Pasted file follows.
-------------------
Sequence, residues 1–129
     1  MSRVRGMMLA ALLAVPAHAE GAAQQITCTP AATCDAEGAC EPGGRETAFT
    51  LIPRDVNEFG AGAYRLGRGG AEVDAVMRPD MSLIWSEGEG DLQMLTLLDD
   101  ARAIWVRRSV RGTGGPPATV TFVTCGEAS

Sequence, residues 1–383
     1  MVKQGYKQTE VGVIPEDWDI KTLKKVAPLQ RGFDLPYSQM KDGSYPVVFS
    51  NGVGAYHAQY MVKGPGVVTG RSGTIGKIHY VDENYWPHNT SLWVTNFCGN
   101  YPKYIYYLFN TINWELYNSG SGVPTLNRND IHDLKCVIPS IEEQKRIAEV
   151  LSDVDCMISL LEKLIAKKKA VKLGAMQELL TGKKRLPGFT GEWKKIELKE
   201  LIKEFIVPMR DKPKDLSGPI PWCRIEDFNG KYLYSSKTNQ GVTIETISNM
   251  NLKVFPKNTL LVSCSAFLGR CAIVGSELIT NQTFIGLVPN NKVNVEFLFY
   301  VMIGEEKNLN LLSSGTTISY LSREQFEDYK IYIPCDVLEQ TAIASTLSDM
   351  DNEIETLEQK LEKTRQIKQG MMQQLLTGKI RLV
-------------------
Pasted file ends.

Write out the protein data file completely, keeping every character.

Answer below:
Sequence, residues 1–129
     1  MSRVRGMMLA ALLAVPAHAE GAAQQITCTP AATCDAEGAC EPGGRETAFT
    51  LIPRDVNEFG AGAYRLGRGG AEVDAVMRPD MSLIWSEGEG DLQMLTLLDD
   101  ARAIWVRRSV RGTGGPPATV TFVTCGEAS

Sequence, residues 1–383
     1  MVKQGYKQTE VGVIPEDWDI KTLKKVAPLQ RGFDLPYSQM KDGSYPVVFS
    51  NGVGAYHAQY MVKGPGVVTG RSGTIGKIHY VDENYWPHNT SLWVTNFCGN
   101  YPKYIYYLFN TINWELYNSG SGVPTLNRND IHDLKCVIPS IEEQKRIAEV
   151  LSDVDCMISL LEKLIAKKKA VKLGAMQELL TGKKRLPGFT GEWKKIELKE
   201  LIKEFIVPMR DKPKDLSGPI PWCRIEDFNG KYLYSSKTNQ GVTIETISNM
   251  NLKVFPKNTL LVSCSAFLGR CAIVGSELIT NQTFIGLVPN NKVNVEFLFY
   301  VMIGEEKNLN LLSSGTTISY LSREQFEDYK IYIPCDVLEQ TAIASTLSDM
   351  DNEIETLEQK LEKTRQIKQG MMQQLLTGKI RLV